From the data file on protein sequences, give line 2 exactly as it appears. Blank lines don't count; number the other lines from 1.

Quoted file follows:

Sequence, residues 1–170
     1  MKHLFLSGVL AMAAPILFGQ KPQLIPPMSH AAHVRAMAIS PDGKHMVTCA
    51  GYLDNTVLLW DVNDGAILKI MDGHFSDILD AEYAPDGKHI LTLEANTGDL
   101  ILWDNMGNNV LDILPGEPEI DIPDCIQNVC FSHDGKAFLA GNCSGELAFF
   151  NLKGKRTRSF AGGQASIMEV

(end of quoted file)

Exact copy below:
     1  MKHLFLSGVL AMAAPILFGQ KPQLIPPMSH AAHVRAMAIS PDGKHMVTCA